Gibson (W 3-1) 11 IP - 3 H - 1 R - 1 ER - 1 BB - 11 SO (His ERA for the season dropped to 1.31 - it would drop even further - down to 1.12 by season's end)

This was a game for the ages, masterfully performed by two future first-ballot Hall of Famers - who had a burning passion to not only win, but complete each game they started, no matter how long; no matter how many pitches they threw.  Pitch counts?  Bah!  In 1968, in only his second MLB season, Seaver completed 14 out of 35 games started - an unheard of feat nowadays, when starting pitchers are programmed to go seven or eight innings, max.

Gibson was even more dominant, completing 28 out of 34 starts, featuring a league-leading 13 shutouts, 268 strikeouts and the aforementioned 1.12 ERA.  By comparison, the Detroit Tigers' reigning AL Cy Young Award winner - Max Scherzer - has never thrown a complete game shutout in his entire career.  Gibson did it 56 times.

May 7, 1965 - Bob Gibson was on the mound for the Cardinals as they traveled to Philadelphia to take on the Phillies at decrepit Connie Mack Stadium, with a paid crowd of 14,499 mostly disgruntled fans on hand to jeer their Phillies on to defeat.

On the bump for Philadelphia was southpaw Chris Short; in his prime and in the middle of a six season stretch ('63 - '68) when he posted an ERA under 3 five times.  Strangely enough, the only season he was able to win 20 games ('66) happened to coincide with his highest ERA (3.54) over that six year stretch.  Go figure.

In this game, Short pitched well enough to win (8 IP - 8 H - 2 R - 4 BB - 4 S0), but it was too much Lou Brock (4 for 5 - 1 R - 1 RBI - 1 SB) who was the catalyst of a two-run sixth-inning for St Louis; and it was way too much Bob Gibson, who pitched a one-hit shutout (3 BB - 8 SO) to earn his fifth win without a loss.  At the time, those five wins represented 50% of the total for the entire staff (10 wins - 10 losses); not a good sign for the defending World Champions.  Gibson would go on to win 20 games for the first time in his career, but nobody else managed more than 11 wins on a team that seemed to age overnight.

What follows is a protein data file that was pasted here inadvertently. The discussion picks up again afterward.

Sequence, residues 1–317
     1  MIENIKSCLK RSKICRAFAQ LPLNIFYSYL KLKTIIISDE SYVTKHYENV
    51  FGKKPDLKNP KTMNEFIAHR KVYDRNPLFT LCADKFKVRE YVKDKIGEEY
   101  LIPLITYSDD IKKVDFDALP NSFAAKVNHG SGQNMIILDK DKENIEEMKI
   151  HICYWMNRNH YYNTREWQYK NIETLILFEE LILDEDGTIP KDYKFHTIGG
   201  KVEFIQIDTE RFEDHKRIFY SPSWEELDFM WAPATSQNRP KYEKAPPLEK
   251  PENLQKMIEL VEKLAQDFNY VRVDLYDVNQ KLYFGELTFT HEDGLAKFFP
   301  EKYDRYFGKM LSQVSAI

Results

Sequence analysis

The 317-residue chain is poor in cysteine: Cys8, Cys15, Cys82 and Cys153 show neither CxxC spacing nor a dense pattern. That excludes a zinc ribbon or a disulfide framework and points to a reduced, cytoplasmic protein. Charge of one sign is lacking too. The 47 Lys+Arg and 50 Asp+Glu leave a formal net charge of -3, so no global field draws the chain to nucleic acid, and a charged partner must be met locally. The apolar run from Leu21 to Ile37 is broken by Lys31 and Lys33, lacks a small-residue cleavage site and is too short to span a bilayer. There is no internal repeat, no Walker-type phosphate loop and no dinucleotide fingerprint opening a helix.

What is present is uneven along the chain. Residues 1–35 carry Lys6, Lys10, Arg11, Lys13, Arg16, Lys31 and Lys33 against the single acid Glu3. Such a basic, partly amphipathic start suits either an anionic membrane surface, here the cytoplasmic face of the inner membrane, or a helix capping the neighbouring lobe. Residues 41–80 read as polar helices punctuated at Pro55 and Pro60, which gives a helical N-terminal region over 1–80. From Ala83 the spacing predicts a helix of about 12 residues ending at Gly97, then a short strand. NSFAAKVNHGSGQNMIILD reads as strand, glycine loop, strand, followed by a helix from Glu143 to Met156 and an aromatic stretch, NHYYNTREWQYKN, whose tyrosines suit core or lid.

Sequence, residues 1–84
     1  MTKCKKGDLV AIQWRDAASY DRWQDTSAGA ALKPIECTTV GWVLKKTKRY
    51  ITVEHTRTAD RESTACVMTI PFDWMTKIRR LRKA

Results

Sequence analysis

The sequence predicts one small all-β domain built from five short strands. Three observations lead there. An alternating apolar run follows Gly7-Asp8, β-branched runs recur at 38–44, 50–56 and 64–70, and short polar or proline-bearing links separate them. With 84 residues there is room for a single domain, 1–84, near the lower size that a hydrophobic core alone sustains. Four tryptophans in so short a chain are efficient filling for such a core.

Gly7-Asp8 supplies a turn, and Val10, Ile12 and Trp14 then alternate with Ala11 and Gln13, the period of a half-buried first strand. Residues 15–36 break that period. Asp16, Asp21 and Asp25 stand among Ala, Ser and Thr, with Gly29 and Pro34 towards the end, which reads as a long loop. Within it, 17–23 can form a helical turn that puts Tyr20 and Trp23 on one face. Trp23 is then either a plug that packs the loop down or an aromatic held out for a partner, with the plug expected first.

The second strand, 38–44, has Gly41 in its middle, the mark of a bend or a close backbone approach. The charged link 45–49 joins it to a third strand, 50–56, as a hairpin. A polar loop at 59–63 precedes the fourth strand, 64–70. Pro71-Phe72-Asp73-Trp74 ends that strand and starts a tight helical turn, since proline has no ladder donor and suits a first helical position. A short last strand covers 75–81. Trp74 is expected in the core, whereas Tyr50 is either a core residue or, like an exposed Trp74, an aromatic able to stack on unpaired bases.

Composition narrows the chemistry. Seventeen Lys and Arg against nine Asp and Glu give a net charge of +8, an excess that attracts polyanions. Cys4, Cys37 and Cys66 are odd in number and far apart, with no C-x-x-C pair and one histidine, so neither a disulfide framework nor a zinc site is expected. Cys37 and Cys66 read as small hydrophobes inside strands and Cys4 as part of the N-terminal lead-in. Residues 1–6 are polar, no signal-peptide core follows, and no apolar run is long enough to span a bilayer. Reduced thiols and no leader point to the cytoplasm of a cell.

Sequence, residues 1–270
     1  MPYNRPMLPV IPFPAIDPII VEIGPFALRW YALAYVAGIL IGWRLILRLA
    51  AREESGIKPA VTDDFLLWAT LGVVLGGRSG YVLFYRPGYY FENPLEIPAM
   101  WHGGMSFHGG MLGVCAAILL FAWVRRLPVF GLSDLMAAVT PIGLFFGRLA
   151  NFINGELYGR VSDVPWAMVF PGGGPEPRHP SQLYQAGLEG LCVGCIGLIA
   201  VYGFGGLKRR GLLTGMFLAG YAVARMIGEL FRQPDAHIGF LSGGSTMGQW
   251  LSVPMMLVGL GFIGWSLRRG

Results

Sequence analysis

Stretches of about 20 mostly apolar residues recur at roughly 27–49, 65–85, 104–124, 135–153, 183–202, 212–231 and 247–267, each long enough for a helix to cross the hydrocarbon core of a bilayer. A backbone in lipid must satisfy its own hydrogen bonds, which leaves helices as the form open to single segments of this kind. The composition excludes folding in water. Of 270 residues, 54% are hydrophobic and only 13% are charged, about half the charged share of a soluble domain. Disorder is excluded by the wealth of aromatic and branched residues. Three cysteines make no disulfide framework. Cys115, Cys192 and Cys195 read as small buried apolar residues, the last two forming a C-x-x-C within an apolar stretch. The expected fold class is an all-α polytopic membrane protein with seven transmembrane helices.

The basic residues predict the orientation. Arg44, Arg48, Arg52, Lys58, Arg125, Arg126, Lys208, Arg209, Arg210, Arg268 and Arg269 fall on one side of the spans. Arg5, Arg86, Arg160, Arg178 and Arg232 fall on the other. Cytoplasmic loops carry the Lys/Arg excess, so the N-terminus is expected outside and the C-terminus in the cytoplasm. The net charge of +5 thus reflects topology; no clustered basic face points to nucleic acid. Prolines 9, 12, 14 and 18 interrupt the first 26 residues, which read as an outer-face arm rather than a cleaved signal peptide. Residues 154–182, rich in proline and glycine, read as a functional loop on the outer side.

May 8, 1967 - With a sparse gathering of 5,388 at venerable Forbes Field, the Cardinals had a see-saw battle with the Pittsburgh Pirates, as the Redbirds barely hung on to win in ten-innings, 6-5.

Ray Washburn started this one for the Cardinals (6.2 IP - 8 H - 3 R - 0 BB - 3 SO); then over the next 3.1 innings a total of five St Louis relievers were used to finally nail this one down.  The Pirates used five different pitchers in this game - Pizarro, Face, Short, McBean and Law (who took the loss with that one really bad inning).  Ron Willis got the win for St Louis, although he only worked one inning and was charged with two runs (he walked two).

Here's how the scoring went:  The Pirates scored 2 runs in the 4th - The Cardinals tied it with 2 runs in the 6th - The Pirates grabbed a 3-2 lead in the 7th - The Cardinals tied it again with a run in the 9th - The Cardinals seemingly put the game out of reach with 3 runs in the 11th - The Pirates scored 2 in the 11th, so in fact, the game was out of reach.  Had 'em all the way.

Mike Shannon and Tim McCarver each had two RBI; Curt Flood and Orlando Cepeda each chipped in with one apiece, as the St Louis lineup had twelve hits and six walks in the contest.